Without Links Content Stinks

Tadeusz Szewczyk
by Tadeusz Szewczyk | Last Updated May. 6th, 2015 0 COMMENTS

water

*

Content promotion techniques that solely rely on social media are not enough to succeed on the Web in the long run.

After a few days only links and search engines will send visitors your way.

How to adapt common content sharing and promotion tactics to a sustainable search strategy.

 

Content is like a pond

Content is like water. Imagine it like a pond or lake. As long as there is fresh water supply, even a small trickle, the water stays clean and fresh. Once there is no connection to outside water supply the pond turns green and slimy until it starts to stink and becomes a quagmire in the worst case.

The same thing happens to content on the Web. At first the is a large influx of traffic, a conversation starts, the word spreads, people engage. Then after a while only an occasional visitors say “hi” and adds a comment in an already empty room. With tools like Disqus people may still notice but the lack of audience leads to a gradual death of the debate.

 

The only solution

The only solution is a steady incoming flow of traffic from people who come via search engines by searching for relevant queries. The main route to get the people to find you by way of search is to let other people link to that content. Social media links do not suffice even though some sites are better than others in that respect.

Links from Tumblr are far better than the crippled nofollow links from Twitter or the hidden “private” updates from Facebook.

Yet, most sites, especially blogs ask their readers to share on Facebook, Twitter and maybe one or two more sites. Tumblr is rarely seen among them. It’s viewed as a blogging tool by many not a social networking site. That’s not completely wrong but it’s also the advantage of Tumblr compared to the heavily branded and barely customizable social networking sites like Facebook and Twitter.

 

Links from publishers

issuu-direct-link

Of course Tumblr is not the only option. The are still hundred of millions of good old website and bloggers using proper software like WordPress, be it hosted on WordPress.com or their own servers. These website owners and blog publishers are those who still decide whether your site will be valued high by Google and other search engines like DuckDuckGo or not.

Why does everybody ignore that obvious decision makers? It’s because social sites want your activity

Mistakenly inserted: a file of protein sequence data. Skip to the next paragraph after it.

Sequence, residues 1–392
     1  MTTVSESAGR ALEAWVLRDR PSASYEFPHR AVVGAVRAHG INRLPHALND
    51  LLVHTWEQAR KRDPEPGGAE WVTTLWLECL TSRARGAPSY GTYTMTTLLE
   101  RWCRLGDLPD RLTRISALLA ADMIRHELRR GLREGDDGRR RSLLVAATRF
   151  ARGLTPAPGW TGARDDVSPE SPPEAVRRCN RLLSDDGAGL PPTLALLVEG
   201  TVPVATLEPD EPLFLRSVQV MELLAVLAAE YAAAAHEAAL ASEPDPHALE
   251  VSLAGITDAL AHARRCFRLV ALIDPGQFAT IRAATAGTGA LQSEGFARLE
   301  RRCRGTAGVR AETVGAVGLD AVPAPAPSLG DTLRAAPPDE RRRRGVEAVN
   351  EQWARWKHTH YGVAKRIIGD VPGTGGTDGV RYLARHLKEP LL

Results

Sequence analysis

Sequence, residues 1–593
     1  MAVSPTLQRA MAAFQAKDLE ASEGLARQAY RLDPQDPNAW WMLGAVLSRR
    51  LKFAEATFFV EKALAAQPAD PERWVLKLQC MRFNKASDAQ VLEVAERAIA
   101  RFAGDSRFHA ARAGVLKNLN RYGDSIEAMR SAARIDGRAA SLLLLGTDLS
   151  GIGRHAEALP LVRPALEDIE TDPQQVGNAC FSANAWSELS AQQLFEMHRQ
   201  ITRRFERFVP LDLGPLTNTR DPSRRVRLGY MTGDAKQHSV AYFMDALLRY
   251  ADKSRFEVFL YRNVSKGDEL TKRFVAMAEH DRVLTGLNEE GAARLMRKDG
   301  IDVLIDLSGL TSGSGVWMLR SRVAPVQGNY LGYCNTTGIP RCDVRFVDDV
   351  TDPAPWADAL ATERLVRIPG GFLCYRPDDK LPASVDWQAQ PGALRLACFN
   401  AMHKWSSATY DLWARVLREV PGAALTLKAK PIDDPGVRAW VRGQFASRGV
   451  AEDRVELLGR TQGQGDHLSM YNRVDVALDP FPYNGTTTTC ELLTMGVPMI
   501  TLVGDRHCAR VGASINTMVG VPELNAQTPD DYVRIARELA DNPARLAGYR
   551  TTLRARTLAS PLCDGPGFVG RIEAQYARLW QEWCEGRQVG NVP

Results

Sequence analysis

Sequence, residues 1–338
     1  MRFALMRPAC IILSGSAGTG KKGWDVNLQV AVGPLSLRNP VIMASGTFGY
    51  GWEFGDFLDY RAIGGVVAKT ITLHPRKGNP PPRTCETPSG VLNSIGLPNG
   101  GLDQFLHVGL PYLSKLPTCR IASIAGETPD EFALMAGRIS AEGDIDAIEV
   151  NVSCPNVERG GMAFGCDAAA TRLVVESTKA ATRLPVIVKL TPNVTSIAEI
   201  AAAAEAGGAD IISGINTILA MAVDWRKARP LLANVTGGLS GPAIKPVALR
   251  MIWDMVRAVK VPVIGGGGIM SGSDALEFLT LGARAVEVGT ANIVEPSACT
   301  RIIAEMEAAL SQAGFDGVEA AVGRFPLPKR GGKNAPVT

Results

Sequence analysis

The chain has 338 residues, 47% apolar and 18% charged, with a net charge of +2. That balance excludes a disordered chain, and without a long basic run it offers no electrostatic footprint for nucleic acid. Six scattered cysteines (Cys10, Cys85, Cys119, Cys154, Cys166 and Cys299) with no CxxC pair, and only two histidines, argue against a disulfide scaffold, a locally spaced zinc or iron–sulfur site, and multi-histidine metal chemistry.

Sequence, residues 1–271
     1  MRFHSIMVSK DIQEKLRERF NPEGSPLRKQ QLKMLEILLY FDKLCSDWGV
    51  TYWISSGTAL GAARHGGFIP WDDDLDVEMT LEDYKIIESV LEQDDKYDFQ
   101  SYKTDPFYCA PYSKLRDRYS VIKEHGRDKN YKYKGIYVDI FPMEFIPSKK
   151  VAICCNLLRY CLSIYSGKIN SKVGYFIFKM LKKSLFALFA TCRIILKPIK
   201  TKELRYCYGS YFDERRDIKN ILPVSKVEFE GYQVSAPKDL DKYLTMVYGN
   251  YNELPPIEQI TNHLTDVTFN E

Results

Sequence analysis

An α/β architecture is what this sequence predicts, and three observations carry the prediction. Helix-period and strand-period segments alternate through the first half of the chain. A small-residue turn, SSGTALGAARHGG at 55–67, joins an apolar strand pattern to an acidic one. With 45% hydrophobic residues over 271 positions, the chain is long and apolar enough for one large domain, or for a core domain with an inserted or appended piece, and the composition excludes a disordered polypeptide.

and thus encourage the spread of their sharing buttons. A simple link button like the one below by Design Bolts is nowhere to be found because there is no one company that is behind it and pushes it by its marketing department.

link-icon

Yet this is the button you need to add along the social media buttons and the mail button. Ideally you let your users also embed your content. This works well for videos and infographics but can also be done with other media types.

 

Copy and paste enhancement

Of course a “spread the word by linking to this post” button is not enough. Many people might also overlook the option as they don’t even expect it or are too lazy to copy and paste a link to their site. There is a tool called Tynt that automatically checks whether someone has copied text on your site and adds a link to that quote.

When the user pastes this text into their page they will also paste the source link.

This can also backfire though. Personally I often copy and paste headlines or quotes and replace the default tweet text for example. I let the link where it is but add a quote. I don’t need another link forced upon me. That’s only additional work. You can ostracize power users that way.

 

Making links linkable

Over the years links have become too cumbersome to use. This is no joke, Why would someone link to you when they can “like”, “tweet” or “+1” your content with one click? It’s too much work! It’s not only only work, it’s also not very usable. Why? Most links are too big, cryptic or both to succeed.

Nobody can memorize can neither long article URLs nor random short URLs.

As often the case the best links cover the middle-ground between length and memorability. They need to be as short as possible while retaining readability and memorability. Do you know what I mean? No? Think adobe.com/flash

The URL must be branded and self-explanatory to be remembered with ease.

How do I know it’s memorable? It was the first URL that came to my mind off the top of my head. In reality the short memorable URL is just a redirect to the a bit longer but still useful one: http://www.adobe.com/products/flash.html

This will work with other common services too:

google.com/mail redirects to https://mail.google.com/mail/u/0/#inbox as I’m already a user

mozilla.com/firefox leads to https://www.mozilla.org/de/firefox/new/ here

 

Becoming memorable

Just imagine someone writing a quick message or hurrying up to meet the deadline and finish the article. Researching for the link would take too long. Only a link they have memorized and can add right away will do.

I know that most .com addresses are gone these days but with literally hundreds of new top level domains you can find one matching your niche and topic far better now. By adding some humor you can even make this even work better than a .com

Just think

  • jack.black for the comedian
  • abc.xyz for the TV station
  • face.book for large social network.

Become creative and preform a little brainstorming while using some tools that help you navigate through the huge number of new domain name endings (top level domains). Then make sure to add your product or service names in a manner similar to the corporations above. You can redirect to the actual page then. That’s no problem as long as you use a Google friendly 301 redirect. On WordPress many plugins help you with that.

 

* Creative Commons image by Hiroyuki Takeda